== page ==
Finetown, Ennerdale take Mashatile to task over housing

2017-05-12 20:57
Paul Mashatile. (File, News24)

Paul Mashatile. (File, News24)

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Johannesburg – Gauteng Co-operative Governance and Traditional Affairs and Human Settlements MEC Paul Mashatile conceded on Friday that government had dragged its feet in terms of service delivery and apologised to the Ennerdale and Finetown communities.

He said it was regrettable that the communities had to burn tyres to get his attention.

Mashatile was speaking at a meeting in the Region G offices with the steering committees of Ennerdale and Finetown, following violent service delivery protests for housing.

"I am sorry that you had to burn tyres to get my attention. I am just a phone call away," Mashatile said on Friday.

On Friday, there was visible policing in the small town but there were no signs of protests.

An angry resident, Farouk Jardine, stood up and told the gathering that he was bored by the speeches and presentations, including that of Mashatile.

“Today you call us … while the townships are burning, you tell us this. This is not the response that we expected. And if the Minister Lindiwe Sisulu is as boring as you are, then I am going straight to her face.

“It is a sin to see this vast open land around us and yet people have to live like sardines on the land…We are giving you two weeks to go and identify this land and allow people to settle on that land,” Jardine said.

He said if Mashatile does not heed the call to make land available then the community would mobilise and occupy the land illegally.

‘Orderly development’

“If we have to do it by force then we will do it. You can call in the army, are you going to shoot people without houses? That would only be exposing yourselves.”

He said it saddened him that after 23 years of democracy, people were still demanding houses.

“You don’t know the pressure that people on the ground are going through, living in backrooms; you don’t have a job but you have to pay rent… If you had pressure, then you would have come with proper answers today, not what you have said.”

Responding to the man, Mashatile said while he understood the community's frustration and the urgency for houses, he could not allow a situation where people occupied land illegally.

“There will be chaos around the country, we need to plan properly. I know that we need to move faster but we need orderly development.”

He promised the community that the government would come up with a budget to build them houses.

“The spirit of our meeting should be, let’s get things done.”

‘It was never our intention’

He accepted that the government had taken too long to deliver.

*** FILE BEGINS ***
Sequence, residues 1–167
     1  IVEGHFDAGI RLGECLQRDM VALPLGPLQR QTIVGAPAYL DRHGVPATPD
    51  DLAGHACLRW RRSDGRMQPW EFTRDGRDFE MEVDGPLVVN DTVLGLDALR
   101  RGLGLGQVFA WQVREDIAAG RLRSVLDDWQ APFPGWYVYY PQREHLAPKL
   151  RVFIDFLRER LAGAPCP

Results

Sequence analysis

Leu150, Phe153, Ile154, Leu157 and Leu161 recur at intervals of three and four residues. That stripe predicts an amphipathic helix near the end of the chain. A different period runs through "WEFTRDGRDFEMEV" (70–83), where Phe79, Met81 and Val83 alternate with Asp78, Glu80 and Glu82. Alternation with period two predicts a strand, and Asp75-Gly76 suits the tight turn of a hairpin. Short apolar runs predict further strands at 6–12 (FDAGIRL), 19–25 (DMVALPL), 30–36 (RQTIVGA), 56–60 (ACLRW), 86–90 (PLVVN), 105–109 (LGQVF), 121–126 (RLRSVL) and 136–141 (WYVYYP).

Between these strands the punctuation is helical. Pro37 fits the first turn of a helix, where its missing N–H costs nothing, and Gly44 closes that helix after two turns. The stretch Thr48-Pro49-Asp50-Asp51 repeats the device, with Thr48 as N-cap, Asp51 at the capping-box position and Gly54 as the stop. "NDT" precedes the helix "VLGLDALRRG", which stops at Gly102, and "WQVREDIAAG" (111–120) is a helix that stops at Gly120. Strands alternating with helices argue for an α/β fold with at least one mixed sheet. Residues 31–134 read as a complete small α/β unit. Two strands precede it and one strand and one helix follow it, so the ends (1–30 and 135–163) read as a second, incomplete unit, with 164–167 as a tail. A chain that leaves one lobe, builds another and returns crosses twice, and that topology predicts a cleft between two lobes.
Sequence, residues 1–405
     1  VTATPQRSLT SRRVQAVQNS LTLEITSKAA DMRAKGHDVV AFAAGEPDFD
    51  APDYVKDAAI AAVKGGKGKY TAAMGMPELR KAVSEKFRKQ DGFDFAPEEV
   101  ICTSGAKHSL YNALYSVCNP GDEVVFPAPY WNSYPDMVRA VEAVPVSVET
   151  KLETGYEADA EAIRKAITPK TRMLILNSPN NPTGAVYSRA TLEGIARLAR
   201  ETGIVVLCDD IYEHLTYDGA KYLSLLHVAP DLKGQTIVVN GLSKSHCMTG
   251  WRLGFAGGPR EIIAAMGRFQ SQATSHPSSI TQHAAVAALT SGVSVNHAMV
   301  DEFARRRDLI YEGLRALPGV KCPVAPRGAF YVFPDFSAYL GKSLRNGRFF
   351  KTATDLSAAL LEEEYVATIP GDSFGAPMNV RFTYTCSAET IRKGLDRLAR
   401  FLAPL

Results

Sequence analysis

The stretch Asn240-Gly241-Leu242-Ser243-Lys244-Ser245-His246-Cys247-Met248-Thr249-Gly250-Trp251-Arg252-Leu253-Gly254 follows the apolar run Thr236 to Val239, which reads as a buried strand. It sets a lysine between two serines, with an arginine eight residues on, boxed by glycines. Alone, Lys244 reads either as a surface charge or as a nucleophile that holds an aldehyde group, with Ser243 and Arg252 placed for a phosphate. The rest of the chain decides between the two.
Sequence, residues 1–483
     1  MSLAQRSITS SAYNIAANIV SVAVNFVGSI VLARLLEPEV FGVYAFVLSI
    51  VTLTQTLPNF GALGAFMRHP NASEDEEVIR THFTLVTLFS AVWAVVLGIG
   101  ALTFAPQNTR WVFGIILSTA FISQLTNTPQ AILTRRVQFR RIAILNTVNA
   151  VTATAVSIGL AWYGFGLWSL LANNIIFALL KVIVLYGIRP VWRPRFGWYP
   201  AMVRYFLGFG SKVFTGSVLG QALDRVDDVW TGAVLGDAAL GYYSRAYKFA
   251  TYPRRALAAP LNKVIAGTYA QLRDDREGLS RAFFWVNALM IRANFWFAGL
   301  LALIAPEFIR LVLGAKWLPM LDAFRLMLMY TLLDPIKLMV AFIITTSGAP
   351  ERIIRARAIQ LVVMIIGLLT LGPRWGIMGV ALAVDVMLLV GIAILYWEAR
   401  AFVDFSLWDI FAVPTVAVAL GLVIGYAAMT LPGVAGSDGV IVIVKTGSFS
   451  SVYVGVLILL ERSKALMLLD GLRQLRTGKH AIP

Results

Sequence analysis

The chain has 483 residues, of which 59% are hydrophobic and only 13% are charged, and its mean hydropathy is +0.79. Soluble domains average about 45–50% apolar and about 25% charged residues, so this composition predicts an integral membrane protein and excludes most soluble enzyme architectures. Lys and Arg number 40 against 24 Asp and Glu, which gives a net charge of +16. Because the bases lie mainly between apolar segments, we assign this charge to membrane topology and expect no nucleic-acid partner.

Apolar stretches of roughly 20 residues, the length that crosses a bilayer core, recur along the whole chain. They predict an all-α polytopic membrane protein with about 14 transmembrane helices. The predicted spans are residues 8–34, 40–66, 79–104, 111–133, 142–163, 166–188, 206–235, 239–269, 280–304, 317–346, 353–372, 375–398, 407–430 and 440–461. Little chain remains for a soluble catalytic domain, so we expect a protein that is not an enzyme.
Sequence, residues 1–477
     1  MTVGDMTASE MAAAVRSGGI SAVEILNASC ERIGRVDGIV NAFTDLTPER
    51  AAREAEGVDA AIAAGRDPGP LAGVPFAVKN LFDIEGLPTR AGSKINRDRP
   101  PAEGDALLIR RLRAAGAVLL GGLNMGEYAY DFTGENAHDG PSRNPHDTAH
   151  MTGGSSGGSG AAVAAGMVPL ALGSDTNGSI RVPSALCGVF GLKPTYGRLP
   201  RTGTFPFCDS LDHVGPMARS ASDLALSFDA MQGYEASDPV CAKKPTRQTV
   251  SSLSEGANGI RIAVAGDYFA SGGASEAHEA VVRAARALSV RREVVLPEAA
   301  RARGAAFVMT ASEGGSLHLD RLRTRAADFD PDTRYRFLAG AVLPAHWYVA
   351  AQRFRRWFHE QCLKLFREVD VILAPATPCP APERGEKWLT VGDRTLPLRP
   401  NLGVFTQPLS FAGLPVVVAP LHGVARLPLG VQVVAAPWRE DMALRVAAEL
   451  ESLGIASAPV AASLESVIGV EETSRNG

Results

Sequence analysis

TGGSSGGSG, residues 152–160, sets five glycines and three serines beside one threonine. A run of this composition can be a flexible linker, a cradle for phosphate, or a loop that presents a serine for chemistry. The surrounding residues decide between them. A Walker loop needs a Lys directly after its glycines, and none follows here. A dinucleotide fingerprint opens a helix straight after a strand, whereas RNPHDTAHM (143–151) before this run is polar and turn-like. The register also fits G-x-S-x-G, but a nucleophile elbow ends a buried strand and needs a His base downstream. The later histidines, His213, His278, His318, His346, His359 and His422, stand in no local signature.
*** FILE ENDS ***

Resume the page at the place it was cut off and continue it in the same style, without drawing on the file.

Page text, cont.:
“You should not be waiting three months for departments to comment on a simple report. It can be done speedily. We need to be able to tell communities when we meet them that this is when construction will begin.”

He said communities became impatient when they were not informed on progress.  

Another community member from neighbouring community Finetown said there had been divisions and disputes over land between it and the Ennerdale community, despite the two communities co-existing under one ward.

“This extension six that you are talking about, there have been disputes over it. Ennerdale said we can’t [go there] because we are black people, we smell [but] when we were protesting, we [Ennerdale and Finetown] did it together because our children need houses. Today we feel left out,” the man said.  

After the meeting, chairperson of the Ennerdale Project Steering Committee, Marge Cass, said the meeting was productive and the community understood that the government needed to be given adequate time to deliver services.

She said Mashatile said he had received documents that the community had been waiting for for six months.

“This tells me that in this government, you need to burn something like infrastructure or be violent so that they can come to the party and it was never our intention to go down that route.

“Even in the past, for the MEC to even address us, we had to make a lot of noise and protest. After this week’s protest, all of a sudden documents have been signed.”

Way forward

On the complaint made by a community member from Finetwon, Cass said when the housing database was drawn, it included Ennerdale and Finetown.

“There is a thin line between us and Finetown. We are literally separated by a bridge and it is not a fair statement to say that we have not been speaking on behalf of them, we are all under the same ward crying for the same course,” she said.  

Mashatile also said it was a productive meeting, however, he said, “We want to avoid a situation where we have to see a problem and a problem for coloureds and another for black people, we need to deal with the issue as one.”

He said overall it was a good meeting with people complaining that it had taken the government long to deliver services.

“All that is needed is for the city to comment on the plans so that we can decide when we are going to start with construction,” he said.  

Mashatile rushed to meet with Eldorado Park after the meeting.

Read more on:    paul mashatile  |  johannesburg  |  housing  |  service delivery

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